My Connection To Two Artists Who Are Currently Incarcerated At Tamms Correctional Center (CMAX) In Deep Southern Illinois And The Conditions Under Which They Live

I didn't know that Tamms Correctional Center existed until my friend Lois Hayward called me to ask if I would be one of the judges for a prison art contest for inmates at Tamms. It turned out that I live only thirty miles or so from this bizarre correctional facility.

First, I will provide background on Tamms CMAX. CMAX means Closed Maximum Security Unit. It opened in 1998. Tamms alleledgely houses “the most disruptive and violent inmates, deemed unsafe to house in a general prison population.” Prison officials initially claimed that the longest stay at Tamms for most prisoners would be no longer than one year to eighteen months. After a year of “correction” living under almost total sensory deprivation, they would be released back into a general population. However, more than eleven years later many of the prisoners that were sent to Tamms on the day it opened are still there.

It was about five years ago when I responded to Lois's call to be a judge of the art contest. It came to pass that a rich collection of art work done by inmates of Tamms was presented to me, as one of seven judges. My credentials to do this were that I had taught art at Southern Illinois University at Carbondale for thirty years and am a practicing artist with an international exhibition record. (see the other sections of this website <>.) After I studied the inmate's work I was moved to write individual responses to the many winners. I was amazed by the quality of the art. The sort of response I made was not critical but intended to encourage the inmates receiving awards to continue their work, to correspond with me and to send me their art for a sympathetic response if they wished. Small cash awards and lots of Honorable Mentions were spread around so as to include as many entrants as possible. Even though the cash rewards were small, it was a very big deal for the men.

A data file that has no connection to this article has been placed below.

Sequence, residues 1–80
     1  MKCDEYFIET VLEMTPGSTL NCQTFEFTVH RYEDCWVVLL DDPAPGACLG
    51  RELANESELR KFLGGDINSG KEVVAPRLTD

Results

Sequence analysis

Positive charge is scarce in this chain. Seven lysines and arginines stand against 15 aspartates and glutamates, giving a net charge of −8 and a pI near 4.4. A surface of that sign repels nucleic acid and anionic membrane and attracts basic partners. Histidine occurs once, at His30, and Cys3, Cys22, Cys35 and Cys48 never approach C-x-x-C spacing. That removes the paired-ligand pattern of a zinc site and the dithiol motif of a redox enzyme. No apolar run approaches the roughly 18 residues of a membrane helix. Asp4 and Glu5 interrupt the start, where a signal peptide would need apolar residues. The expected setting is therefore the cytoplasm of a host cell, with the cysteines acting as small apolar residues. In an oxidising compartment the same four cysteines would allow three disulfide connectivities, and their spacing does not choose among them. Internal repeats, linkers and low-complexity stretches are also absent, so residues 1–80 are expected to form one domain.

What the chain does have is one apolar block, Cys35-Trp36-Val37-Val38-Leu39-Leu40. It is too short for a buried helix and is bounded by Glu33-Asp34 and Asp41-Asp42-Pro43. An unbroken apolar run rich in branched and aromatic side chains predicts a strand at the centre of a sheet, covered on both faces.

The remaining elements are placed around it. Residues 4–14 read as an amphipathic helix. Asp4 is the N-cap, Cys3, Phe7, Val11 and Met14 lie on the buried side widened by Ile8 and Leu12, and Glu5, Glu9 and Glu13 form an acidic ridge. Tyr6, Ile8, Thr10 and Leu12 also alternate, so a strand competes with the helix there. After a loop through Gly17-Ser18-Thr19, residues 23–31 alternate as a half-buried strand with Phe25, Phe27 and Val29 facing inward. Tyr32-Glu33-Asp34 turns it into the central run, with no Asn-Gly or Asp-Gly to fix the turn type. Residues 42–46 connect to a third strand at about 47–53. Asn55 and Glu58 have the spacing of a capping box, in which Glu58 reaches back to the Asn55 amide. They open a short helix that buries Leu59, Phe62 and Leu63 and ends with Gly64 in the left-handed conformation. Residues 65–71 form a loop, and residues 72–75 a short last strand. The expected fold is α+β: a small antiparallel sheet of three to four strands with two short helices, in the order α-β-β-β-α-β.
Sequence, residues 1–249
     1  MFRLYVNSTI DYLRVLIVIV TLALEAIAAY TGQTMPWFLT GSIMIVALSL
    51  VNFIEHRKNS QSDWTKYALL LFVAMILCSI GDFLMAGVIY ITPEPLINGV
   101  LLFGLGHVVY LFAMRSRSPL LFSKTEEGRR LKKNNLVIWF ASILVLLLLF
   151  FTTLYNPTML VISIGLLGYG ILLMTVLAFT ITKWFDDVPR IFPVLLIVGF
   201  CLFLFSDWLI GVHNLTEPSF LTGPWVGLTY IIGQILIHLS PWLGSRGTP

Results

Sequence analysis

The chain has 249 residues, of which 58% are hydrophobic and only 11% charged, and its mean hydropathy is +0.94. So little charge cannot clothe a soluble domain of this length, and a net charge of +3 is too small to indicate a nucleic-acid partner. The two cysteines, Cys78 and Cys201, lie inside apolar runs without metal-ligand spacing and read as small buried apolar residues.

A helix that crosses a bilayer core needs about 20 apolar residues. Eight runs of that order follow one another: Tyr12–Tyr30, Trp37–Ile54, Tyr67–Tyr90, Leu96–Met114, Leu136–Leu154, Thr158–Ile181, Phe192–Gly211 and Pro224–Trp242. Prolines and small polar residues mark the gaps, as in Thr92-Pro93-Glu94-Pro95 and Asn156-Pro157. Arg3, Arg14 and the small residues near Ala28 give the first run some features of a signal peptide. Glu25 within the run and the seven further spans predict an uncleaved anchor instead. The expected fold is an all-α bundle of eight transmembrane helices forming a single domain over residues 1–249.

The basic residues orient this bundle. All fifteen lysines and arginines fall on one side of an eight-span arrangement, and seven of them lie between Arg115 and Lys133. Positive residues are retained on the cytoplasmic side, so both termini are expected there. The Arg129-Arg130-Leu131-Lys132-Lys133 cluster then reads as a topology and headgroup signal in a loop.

The first prize winner was Kilsey Shearrill. He was the unanimous choice of the seven judges, who judged independently of each other. Of all the people I wrote to only a few wrote back and asked if they could continue to correspond with me and show me their new work. I told them that I would like to continue. The only person who really carried through was Kilsey. We continued our correspondence and after several months I felt comfortable enough to visit. I had gone with Lois to the prison once so I knew what a terrible black hole it was. It's still an indescribable edifice. Tamms Correctional Center has no definable shape or form. To me it exists as a bestial dark edifice of repression. Jean and I have been going every month and we get the same sinking feeling every time.

Only the contact with Kilsey personally, through the thick glass of the visit cell, with a inadequate, tinny intercom with which to communicate, buoys us up and gives us the courage to visit. Over the years, Kilsey has become, as he signs himself, “your black son.” I don't regard him as a student of mine as much as a friend, fellow artist and collaborator. I rank him as one of the five best draughtmen. I have come across in my thirty year career teaching drawing and painting in the Art Department at Southern Illinois University. From the first, when he started sending me his drawings, I've wondered whether I should lay on my usual compositional advice, my “Towards Better Composition...”